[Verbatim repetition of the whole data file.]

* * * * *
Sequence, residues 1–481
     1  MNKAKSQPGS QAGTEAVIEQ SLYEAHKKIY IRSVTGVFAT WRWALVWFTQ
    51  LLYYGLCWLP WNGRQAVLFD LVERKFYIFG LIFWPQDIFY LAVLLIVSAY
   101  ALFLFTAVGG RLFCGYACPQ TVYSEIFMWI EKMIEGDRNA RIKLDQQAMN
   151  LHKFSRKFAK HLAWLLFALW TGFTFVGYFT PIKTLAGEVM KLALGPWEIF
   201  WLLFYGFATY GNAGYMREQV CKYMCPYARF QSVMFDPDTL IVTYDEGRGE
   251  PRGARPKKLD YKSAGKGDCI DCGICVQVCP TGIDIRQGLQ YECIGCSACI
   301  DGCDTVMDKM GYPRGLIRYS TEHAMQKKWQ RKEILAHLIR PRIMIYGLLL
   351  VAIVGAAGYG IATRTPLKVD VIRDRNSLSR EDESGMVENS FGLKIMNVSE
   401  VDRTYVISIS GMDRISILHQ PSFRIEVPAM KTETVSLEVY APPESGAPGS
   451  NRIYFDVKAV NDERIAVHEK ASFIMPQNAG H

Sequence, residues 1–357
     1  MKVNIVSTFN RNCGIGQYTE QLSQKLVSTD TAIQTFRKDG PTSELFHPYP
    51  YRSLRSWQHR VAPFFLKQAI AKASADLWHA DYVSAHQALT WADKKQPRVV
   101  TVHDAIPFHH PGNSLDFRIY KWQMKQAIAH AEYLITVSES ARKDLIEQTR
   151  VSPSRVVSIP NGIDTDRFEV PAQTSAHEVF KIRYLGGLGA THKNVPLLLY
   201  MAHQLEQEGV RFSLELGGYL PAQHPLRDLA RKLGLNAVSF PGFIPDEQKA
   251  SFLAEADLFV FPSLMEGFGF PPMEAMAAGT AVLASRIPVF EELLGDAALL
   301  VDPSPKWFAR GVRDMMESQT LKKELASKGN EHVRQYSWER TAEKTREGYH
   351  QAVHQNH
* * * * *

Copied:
Sequence, residues 1–481
     1  MNKAKSQPGS QAGTEAVIEQ SLYEAHKKIY IRSVTGVFAT WRWALVWFTQ
    51  LLYYGLCWLP WNGRQAVLFD LVERKFYIFG LIFWPQDIFY LAVLLIVSAY
   101  ALFLFTAVGG RLFCGYACPQ TVYSEIFMWI EKMIEGDRNA RIKLDQQAMN
   151  LHKFSRKFAK HLAWLLFALW TGFTFVGYFT PIKTLAGEVM KLALGPWEIF
   201  WLLFYGFATY GNAGYMREQV CKYMCPYARF QSVMFDPDTL IVTYDEGRGE
   251  PRGARPKKLD YKSAGKGDCI DCGICVQVCP TGIDIRQGLQ YECIGCSACI
   301  DGCDTVMDKM GYPRGLIRYS TEHAMQKKWQ RKEILAHLIR PRIMIYGLLL
   351  VAIVGAAGYG IATRTPLKVD VIRDRNSLSR EDESGMVENS FGLKIMNVSE
   401  VDRTYVISIS GMDRISILHQ PSFRIEVPAM KTETVSLEVY APPESGAPGS
   451  NRIYFDVKAV NDERIAVHEK ASFIMPQNAG H

Sequence, residues 1–357
     1  MKVNIVSTFN RNCGIGQYTE QLSQKLVSTD TAIQTFRKDG PTSELFHPYP
    51  YRSLRSWQHR VAPFFLKQAI AKASADLWHA DYVSAHQALT WADKKQPRVV
   101  TVHDAIPFHH PGNSLDFRIY KWQMKQAIAH AEYLITVSES ARKDLIEQTR
   151  VSPSRVVSIP NGIDTDRFEV PAQTSAHEVF KIRYLGGLGA THKNVPLLLY
   201  MAHQLEQEGV RFSLELGGYL PAQHPLRDLA RKLGLNAVSF PGFIPDEQKA
   251  SFLAEADLFV FPSLMEGFGF PPMEAMAAGT AVLASRIPVF EELLGDAALL
   301  VDPSPKWFAR GVRDMMESQT LKKELASKGN EHVRQYSWER TAEKTREGYH
   351  QAVHQNH